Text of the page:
1570 - Three thousand of the enemy began to invade the island of Joao Lopes, whereupon Antonio Fernandes de Chale, with 120 men, engaged them and killed a large number, and the rest took to flight. Adil Khan, in order to divide and weaken the Viceroy's forces, again persuaded the Queen of Garcopa to attack Onor. She collected an army of 3,000 of her own men, which, with 2,000 of the Adil Khan's soldiers, besieged the fort. It was in July, 1570, that the news of this further trouble reached the Viceroy. He immediately dispatched Antonio Fernandes de Chale with two galleys and eight other vessels with such men as they could accommodate. In five days Antonio Fernandes reached Onor, and having joined Jorge de Moura, the commander there, fell upon the besiegers, putting them to flight.

Danvers provides some more data of the 1571 battles - Peace having been thus concluded, the next care of the new Viceroy was to send relief to Chale, which he dispatched thither in two galleys, one galleon, and four ships,, under the command of Dom Diogo de Menezes; and subsequently two more galleys and three other vessels followed. These reliefs reached Chale too late, as the fort had already been surrendered to the Zamorin on certain conditions. The surrender was made, in opposition to the opinion of the majority of his officers, by Dom Jorge de Castro, who gave way to the entreaties and tears of his wife and the other ladies there. At this point I have to suppose that Antonio Fernandez (who was obviously from Chale – Chalium, it appears he converted some time ago) participated in that fight as well.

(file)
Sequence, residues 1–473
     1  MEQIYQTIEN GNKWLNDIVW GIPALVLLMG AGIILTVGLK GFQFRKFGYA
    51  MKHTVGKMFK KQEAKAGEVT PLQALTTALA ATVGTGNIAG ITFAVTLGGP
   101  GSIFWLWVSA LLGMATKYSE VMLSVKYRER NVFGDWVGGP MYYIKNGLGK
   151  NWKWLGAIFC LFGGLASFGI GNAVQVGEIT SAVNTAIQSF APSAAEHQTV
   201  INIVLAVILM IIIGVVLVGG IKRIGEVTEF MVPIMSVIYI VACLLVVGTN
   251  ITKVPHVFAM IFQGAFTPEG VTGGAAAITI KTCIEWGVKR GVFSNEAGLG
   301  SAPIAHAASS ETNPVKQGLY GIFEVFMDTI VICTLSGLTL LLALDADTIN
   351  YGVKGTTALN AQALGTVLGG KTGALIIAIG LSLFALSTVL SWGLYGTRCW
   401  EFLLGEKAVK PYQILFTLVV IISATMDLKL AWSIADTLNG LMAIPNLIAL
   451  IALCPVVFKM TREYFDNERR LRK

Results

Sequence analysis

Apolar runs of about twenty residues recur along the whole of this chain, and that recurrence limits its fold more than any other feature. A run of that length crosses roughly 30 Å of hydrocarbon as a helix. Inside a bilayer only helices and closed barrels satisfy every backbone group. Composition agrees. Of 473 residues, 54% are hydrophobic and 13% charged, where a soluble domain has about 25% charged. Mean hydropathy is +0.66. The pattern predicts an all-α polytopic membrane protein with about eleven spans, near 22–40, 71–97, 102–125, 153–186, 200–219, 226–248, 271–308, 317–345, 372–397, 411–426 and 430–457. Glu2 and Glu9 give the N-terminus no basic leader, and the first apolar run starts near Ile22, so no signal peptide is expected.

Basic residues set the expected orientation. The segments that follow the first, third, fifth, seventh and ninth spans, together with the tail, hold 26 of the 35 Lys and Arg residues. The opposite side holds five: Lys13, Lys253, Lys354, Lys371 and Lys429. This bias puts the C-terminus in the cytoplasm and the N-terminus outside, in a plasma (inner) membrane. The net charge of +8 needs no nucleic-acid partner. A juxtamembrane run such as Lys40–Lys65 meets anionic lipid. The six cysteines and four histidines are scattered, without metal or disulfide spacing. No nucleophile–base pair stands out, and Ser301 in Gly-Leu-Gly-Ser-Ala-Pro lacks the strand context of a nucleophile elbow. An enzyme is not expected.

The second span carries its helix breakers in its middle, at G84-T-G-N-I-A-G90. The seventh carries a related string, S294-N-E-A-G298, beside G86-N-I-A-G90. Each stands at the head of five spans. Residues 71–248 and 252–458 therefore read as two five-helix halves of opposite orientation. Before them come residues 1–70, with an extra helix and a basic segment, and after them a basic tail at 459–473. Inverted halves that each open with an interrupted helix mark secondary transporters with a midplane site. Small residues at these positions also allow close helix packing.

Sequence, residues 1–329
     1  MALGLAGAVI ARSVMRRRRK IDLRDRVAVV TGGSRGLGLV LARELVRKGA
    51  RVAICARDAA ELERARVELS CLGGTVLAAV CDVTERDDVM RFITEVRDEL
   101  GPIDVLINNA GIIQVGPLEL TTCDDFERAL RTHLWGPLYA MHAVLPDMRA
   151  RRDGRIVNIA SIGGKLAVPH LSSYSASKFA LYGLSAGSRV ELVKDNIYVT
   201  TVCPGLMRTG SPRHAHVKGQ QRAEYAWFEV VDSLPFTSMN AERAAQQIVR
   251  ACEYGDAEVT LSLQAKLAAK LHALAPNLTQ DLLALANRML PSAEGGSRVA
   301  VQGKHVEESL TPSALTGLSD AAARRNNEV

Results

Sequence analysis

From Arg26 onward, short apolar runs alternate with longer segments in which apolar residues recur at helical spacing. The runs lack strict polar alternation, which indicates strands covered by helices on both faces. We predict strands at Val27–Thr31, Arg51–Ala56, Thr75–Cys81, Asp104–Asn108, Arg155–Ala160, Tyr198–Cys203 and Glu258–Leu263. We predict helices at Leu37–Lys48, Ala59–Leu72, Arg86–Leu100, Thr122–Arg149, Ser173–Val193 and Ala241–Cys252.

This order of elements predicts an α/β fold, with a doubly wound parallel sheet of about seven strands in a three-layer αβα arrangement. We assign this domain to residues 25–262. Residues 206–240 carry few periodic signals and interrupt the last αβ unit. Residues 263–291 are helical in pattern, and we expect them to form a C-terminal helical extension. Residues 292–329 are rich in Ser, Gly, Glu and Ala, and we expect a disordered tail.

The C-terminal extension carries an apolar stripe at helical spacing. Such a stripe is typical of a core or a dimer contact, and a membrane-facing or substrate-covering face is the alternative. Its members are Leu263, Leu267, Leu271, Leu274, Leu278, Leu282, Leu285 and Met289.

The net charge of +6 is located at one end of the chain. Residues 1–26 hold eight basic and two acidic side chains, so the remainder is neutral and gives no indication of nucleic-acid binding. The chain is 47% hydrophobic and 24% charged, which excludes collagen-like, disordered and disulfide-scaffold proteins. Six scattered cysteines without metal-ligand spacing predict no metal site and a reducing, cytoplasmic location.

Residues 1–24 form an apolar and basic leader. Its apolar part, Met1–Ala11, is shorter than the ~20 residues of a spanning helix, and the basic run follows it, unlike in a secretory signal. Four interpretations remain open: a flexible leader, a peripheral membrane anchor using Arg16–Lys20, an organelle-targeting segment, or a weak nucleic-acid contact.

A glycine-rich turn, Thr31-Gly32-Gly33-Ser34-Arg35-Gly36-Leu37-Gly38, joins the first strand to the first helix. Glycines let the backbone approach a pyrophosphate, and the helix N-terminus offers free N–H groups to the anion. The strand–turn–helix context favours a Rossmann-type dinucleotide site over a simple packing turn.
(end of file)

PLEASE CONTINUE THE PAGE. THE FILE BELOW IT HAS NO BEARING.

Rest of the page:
Dom Diogo de Menezes took on board his vessels all the people of Chale who were subjects of the King of Thana, and carried them to Cochin. He then divided his fleet with Mathias de Albuquerque, and cleared the sea of pirates. He next captured, and demolished, a fortress (built by a Naik, subject to the Adil Khan) at the mouth of the River Sanguicer, in which action there  fell Antonio Fernandes Chale, a Malabarese, who for his bravery had often occupied important commands under Portuguese captains. Being a Knight of the Order of Christ, his body was carried to Goa, where it was interred with great ceremony and state.

Mentions of Malabarese in the Vijayanagara army

This is the description of the arrangements for a fight between the Vijayanagar and Bijapur armies.  The Vijayanagar forces were made up of large drafts from all the provinces - Canarese and Telugus of the frontier, Mysoreans and Malabarese from the west and centre, mixed with the Tamils from the remoter districts to the south; each detachment under its own local leaders, and forming part of the levies of the temporary provincial chieftain appointed by the crown. According to Couto, they numbered 600,000 foot and 100,000 horses. His adversaries had about half that number. As to their appearance and armament, Paes mentions that the common soldiers were clad in the lightest of working clothes, many perhaps with hardly any clothes at all, and armed only with spear or dagger.

So it is all rather clear that the fighting forces roamed around for work and found work amongst the various kings and conquerors of the area. But there is more to all this and further study will provide details of their day to day activities while outside the home territory.

References
A History of British India - William Wilson Hunter
A Forgotten Empire, Vijayanagar: Robert Sewell
The Portuguese in India – FC Danvers

Pics – Scenes from the movie Pazhassi raja